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A Lesson in Meteorology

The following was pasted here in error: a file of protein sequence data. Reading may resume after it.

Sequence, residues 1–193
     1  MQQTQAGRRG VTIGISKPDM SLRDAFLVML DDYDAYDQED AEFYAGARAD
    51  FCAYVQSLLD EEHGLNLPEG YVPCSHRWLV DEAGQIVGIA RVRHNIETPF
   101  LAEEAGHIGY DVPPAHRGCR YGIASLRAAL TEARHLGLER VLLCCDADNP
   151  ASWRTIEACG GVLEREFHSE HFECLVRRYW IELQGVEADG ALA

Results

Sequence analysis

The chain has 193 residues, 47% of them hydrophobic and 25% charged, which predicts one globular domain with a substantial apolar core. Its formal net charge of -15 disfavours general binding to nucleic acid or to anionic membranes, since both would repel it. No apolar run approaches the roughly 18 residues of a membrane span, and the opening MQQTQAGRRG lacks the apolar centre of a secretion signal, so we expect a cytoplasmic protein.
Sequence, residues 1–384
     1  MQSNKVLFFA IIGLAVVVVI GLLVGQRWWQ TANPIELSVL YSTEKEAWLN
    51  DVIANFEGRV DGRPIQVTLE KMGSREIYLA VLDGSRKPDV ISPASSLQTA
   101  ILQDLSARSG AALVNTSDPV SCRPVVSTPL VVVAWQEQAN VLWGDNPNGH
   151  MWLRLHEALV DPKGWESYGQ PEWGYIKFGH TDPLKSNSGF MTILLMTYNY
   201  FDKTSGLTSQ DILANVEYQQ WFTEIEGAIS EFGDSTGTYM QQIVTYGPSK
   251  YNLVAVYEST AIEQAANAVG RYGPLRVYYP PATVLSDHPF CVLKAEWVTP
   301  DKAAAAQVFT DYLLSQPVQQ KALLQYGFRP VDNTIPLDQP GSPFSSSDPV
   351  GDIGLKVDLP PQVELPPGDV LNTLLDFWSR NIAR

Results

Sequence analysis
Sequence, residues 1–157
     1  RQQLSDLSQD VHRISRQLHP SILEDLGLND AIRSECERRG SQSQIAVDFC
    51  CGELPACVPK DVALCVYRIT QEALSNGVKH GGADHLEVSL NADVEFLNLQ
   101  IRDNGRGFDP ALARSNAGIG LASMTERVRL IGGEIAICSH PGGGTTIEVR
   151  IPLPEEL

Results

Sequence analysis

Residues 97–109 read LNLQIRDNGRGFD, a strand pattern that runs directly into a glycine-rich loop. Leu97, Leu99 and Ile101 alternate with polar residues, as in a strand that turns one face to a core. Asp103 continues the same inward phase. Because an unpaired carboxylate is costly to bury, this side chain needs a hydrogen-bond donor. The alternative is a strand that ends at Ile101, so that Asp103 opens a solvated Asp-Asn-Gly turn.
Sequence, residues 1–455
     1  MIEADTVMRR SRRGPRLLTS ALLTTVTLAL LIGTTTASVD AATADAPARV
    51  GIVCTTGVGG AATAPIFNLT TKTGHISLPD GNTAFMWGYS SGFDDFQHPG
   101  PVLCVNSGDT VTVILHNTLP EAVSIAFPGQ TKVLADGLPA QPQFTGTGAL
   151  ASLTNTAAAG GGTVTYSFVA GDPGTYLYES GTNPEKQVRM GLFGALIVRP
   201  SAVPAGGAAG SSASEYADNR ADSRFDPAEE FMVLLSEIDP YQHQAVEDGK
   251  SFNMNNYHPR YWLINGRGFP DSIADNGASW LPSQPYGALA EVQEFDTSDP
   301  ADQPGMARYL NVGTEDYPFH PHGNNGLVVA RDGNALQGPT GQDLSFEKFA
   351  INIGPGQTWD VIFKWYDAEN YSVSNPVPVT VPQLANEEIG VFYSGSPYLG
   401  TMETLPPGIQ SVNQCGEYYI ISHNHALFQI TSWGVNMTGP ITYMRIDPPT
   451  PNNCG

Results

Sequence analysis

The Santiago kid committed suicide that morning. Two men had to carry Santiago’s mother out to a car. Maria said when people got that sad their legs stopped working. But their eyes, they could still cry. We were spinning in circles under the brick archway of our apartment building. We toppled to the cracked cement, dizzy and breathless. Maria said she loved the way the archway made our laughs echo as she picked the pebbles out of her knees. The bald newsman Mom referred to as the Bruce Willis wannabe warned that the storm of the century was on its way with winds predicted to reach 150 mph. Hence the spinning broken up by Santiago’s mother and her malfunctioning legs. Soon after they carried her past, the rain came in drops that exploded like water balloons on the sidewalk. They made the air smell like wet dirt. We had a staring contest with the storm from under the archway. It only had itself, but we had toys and candy. We looked through a kaleidoscope at it, our fingers sticky from the quarter drinks and the sour straps we bought in the bodega. The storm had no idea what it had gotten itself into. They called it Edith. Mom said they always named the worst ones after women.